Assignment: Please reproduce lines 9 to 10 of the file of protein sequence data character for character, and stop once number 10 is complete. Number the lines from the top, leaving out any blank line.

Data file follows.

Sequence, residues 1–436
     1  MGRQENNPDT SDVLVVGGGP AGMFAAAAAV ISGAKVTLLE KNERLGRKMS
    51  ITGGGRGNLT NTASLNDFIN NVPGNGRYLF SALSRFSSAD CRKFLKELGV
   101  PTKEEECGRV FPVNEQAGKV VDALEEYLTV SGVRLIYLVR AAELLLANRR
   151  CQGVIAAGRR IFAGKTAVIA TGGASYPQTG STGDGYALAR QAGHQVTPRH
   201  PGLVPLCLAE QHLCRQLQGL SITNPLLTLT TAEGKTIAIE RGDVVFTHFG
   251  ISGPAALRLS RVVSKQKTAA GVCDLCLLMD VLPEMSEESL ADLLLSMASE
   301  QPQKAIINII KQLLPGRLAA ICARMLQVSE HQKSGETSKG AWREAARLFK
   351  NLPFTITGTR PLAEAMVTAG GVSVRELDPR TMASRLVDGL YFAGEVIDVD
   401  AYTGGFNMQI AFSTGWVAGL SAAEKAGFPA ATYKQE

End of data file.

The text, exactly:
   351  NLPFTITGTR PLAEAMVTAG GVSVRELDPR TMASRLVDGL YFAGEVIDVD
   401  AYTGGFNMQI AFSTGWVAGL SAAEKAGFPA ATYKQE